That is what happened on the morning of 11 December – the president of the Bar Council was shouted down by a handful of thugs even as he tried to tell the growing body of lawyers (mostly under 35 years old) that the doctors association had issued a formal apology. The thugs insisted that all lawyers should go to the hospital and stage a protest outside against the doctor shown in the video ridiculing lawyers.
Mob mentality had set in to the point that the president of the Bar Council made a call to the police to forewarn them that a growing group of young lawyers had set off on foot for the hospital.
Events leading up to this point are understandable. What followed is incomprehensible.
Why was a large body of over 250 lawyers allowed, by the Punjab police / local government to walk 7 kms through the centre of Lahore without being intercepted or stopped? This was no 10 minute walk to a designated place of protest – this was an hour’s walk through the main avenues of the city during the busiest hours of traffic.
That the terrorists in legal attire set a police vehicle ablaze, fired in the air, threw stones, broke plant pots in the hospital reception is without question, a despicable, unacceptable act for which they should not only be immediately de-barred for life – if, indeed, they are actually lawyers – but they should remain in prison and be punished severely in proportion to their inhuman behaviour.
Another thing that doesn’t add up is how, over 3 dozen men in plain clothes (reportedly doctors and hospital staff) came out of the hospital carrying identically-sized, 6 ft long heavy sticks. If, as one must assume, they had been informed of the sea of lawyers walking 7 kms to the hospital, why did they make the effort to procure weapons and not to inform the police? Why was the police not mobilized instead of hospital staff / patient’s family members? Did the doctors feel justified in taking the law in their own hands akin to the lawyers?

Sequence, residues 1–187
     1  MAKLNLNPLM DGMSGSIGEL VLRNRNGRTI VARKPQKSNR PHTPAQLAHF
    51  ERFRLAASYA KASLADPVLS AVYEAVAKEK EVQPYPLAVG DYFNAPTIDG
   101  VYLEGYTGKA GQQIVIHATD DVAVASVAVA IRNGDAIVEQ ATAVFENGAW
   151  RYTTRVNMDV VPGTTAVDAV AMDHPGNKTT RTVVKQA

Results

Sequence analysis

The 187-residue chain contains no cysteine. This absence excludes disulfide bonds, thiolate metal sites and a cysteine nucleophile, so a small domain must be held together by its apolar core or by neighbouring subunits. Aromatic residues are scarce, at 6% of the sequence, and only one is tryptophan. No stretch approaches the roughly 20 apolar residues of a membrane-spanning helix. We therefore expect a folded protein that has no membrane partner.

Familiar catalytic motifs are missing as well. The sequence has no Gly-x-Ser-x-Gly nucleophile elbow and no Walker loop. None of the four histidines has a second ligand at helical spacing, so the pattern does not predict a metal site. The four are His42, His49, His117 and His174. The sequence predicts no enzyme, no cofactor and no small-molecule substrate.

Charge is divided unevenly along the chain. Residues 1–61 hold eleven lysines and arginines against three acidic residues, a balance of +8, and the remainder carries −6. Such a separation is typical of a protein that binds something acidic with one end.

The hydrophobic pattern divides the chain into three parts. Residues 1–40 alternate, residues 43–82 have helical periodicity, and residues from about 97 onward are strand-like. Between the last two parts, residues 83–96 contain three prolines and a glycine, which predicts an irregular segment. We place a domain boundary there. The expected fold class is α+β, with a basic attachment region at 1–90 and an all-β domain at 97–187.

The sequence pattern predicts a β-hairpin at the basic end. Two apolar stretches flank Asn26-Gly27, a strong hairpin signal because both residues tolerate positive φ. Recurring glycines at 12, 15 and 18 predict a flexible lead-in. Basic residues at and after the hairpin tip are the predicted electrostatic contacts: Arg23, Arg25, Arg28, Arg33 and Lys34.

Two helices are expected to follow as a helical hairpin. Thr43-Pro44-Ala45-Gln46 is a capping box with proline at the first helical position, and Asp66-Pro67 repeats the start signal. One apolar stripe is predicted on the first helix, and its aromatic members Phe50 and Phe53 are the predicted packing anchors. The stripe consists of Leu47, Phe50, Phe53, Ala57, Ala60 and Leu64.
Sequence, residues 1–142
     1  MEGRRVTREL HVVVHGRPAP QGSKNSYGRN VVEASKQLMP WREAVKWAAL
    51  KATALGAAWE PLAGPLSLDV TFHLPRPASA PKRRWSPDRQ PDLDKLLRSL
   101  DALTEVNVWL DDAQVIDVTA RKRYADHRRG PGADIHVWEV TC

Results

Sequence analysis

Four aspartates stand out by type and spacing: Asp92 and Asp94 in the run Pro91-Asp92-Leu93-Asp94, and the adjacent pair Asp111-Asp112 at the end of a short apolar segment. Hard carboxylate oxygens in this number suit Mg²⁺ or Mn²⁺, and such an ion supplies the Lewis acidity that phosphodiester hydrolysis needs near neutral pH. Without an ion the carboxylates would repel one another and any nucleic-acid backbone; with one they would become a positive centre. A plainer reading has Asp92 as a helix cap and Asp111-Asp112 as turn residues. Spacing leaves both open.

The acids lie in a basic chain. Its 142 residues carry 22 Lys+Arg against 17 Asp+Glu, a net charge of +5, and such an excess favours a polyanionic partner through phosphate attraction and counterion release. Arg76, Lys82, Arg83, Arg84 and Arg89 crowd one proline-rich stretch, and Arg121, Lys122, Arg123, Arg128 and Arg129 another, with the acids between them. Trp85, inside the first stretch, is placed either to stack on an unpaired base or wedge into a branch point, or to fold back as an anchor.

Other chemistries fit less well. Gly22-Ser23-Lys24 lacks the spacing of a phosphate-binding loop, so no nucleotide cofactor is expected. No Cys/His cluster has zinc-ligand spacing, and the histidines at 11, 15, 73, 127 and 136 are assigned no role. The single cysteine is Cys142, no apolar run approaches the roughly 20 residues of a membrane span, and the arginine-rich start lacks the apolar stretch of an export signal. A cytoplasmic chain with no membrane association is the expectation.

There are no clear answers as yet. But three things are clear.
First, in a country where the present Prime Minister came to power by staging a protest in the capital city that debilitated the economy, devalued the Rupee and paralyzed society for 4 months, costing the tax payers almost PKR 500 billion (USD 3 billion) the mass-scale, irresponsible protest (dharna) now seems to have been legitimized.
Secondly, in a country where the Chief of Armed Forces sits, along with the Prime Minister, in confidence-building dialogues with provincial Chambers of Commerce, the nature and roles of institutions inevitably becomes blurred. If defence forces are justified in participating in economic affairs, if chief justices make random spot-checks to supervise the work of health-care institutions rather than adjudicate disputes and develop law and jurisprudence then low-level, unemployed lawyers will feel justified in replacing the police in enforcing the law.
Thirdly and finally, the writer has received first-hand views of a number of lawyers who participated in the protest walk. All of them, without exception, maintain that their intention was to stage a peaceful protest outside the hospital and were taken aback, themselves, when the situation took the ugly course that it did. While that bridge – of knowing an act could have severe consequences and yet being too weak, as individuals, to oppose it – has yet to be crossed by local lawyers, a sense of proportion necessitates remembering that even though they walked in solidarity with their fellow lawyers, majority of the legal fraternity expressed their condemnation of the event including the majority of the protestors themselves. My brothers are not terrorists. The terrorists we saw on 11 December are not my brothers.